12 thoughts on “Protect the Children

  1. rptrcub

    I’m of two minds about journalism/media/etc., when talking to the children. Part of me wants to scream and say “hell f**k no” to those who ask about going into the industry. Then another part of me realizes that you learn a lot about yourself through the trials by fire that journalists experience, which inevitably makes you stronger. I would suggest to them to find another area of occupation to have skills in as a backup in case their media companies decide to lay folks off/not renew contracts, etc.

    Reply
  2. rptrcub

    I’m of two minds about journalism/media/etc., when talking to the children. Part of me wants to scream and say “hell f**k no” to those who ask about going into the industry. Then another part of me realizes that you learn a lot about yourself through the trials by fire that journalists experience, which inevitably makes you stronger. I would suggest to them to find another area of occupation to have skills in as a backup in case their media companies decide to lay folks off/not renew contracts, etc.

    Reply
  3. Austin Rhodes

    Just like in love, the heart wants what the heart wants. Only experience and “living the dream” will tell the tale. There is no one I know that has worked in the industry that regretted the lessons…

    Reply
  4. bigear

    This is so true! You forgot to mention that if your young daughter wants to be an intern, that she will be subjected to all the “older men” of the newsroom swarming around her “sharing” their old war stories. And how everyone else in the newsroom have pools going on who will starting hitting on, I mean “sharing” those stories first.

    Reply
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  6. Jeremiah

    I wasted more than a decade of my life at a so-called “leading” NBC affiliate TV station in one of the Rocky Mountain states. I wish this blog post were not true. Unfortunately, it is true. I would not permit any child of my own to embark on a career in TV news. I lucked out and managed to move into other, higher-paying jobs in other fields, but I’ll never be able to make up for the lost income and lost retirement savings that I could have otherwise acquired had I started out in a healthier, more employee-friendly industry. I know of a general manager of a TV station who prides himself on his public relations efforts to curb substance abuse. Sadly, this individual doesn’t seem to understand how the dismal management/labor climate at his own TV station has — for years — been a significant catalyst for substance abuse among his own employees. A book needs to be written to document and expose the dark, filthy “secret” side of the American TV news industry.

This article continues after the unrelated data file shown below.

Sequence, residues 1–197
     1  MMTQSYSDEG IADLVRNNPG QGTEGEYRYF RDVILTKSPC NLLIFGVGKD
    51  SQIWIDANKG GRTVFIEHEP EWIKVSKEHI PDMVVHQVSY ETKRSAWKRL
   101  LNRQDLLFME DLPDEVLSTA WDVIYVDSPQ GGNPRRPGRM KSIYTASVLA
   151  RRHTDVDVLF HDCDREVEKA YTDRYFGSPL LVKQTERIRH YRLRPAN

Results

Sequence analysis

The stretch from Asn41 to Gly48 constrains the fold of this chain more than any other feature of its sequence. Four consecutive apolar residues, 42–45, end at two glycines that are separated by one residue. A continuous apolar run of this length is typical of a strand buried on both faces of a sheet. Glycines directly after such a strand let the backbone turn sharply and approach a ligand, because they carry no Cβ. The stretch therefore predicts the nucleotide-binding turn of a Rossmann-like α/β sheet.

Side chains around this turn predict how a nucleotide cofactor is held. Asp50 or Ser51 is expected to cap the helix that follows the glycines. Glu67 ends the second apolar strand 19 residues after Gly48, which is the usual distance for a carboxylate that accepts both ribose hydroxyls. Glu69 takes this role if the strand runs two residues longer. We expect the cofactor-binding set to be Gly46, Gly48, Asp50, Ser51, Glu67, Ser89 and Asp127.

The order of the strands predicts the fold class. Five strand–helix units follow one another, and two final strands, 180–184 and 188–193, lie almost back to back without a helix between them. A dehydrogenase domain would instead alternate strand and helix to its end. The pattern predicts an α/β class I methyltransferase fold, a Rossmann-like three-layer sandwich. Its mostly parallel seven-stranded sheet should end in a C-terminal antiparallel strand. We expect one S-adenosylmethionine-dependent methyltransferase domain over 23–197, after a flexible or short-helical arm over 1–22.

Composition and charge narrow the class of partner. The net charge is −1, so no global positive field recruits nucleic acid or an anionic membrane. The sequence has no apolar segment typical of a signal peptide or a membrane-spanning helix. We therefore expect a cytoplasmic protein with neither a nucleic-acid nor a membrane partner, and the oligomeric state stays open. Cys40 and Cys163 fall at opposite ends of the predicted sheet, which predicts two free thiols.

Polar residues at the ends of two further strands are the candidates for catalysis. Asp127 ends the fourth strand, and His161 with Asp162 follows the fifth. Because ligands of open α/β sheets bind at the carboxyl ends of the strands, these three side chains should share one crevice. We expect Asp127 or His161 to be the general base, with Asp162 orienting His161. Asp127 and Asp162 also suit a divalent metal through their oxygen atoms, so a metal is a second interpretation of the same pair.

Reply
  7. Scott Hedeen

    “By the time your child has become an experienced broadcaster, he or she will use drugs and alcohol at almost the same rates as food service employees”

    So? I always viewed TV news as the fast food version of journalism. Reality is… this is reality.

    Reply
  8. SSG Daly

    Summer = “Bumper Crop o’ Interns.”
    I was an intern once. No one hit on me in the newsroom of the small station in Savannah that eventually hired me. It was a hell of a career that gave me a front row ticket to history in the making (Hurricanes,Wars,Atlanta Cotton Mill Fire). Too bad the industry took a turn for the worse.
    Interns – I’m telling you now what I told every intern during the last 5 years at WAGA. If you stay with it, somehow change TV news for the better.

    Reply
  9. sayejibley

    I got this warning when I was an intern, but continued on that path anyway. Fortunately, I’ve now escaped and have a great job at a respectable non-profit, but those 7 years in news- seeing the Daniel Pearl beheading, the sadaam torture videos, watching the world trade center collaspse over and over, a man hit by a car and bounced across 285 like a ragdoll, a lady squished into a Quick Trip, people getting swept up by the tsunami… the list goes on and on… it’s made me hard and jaded. I don’t know if that’s for better or worse.

    Reply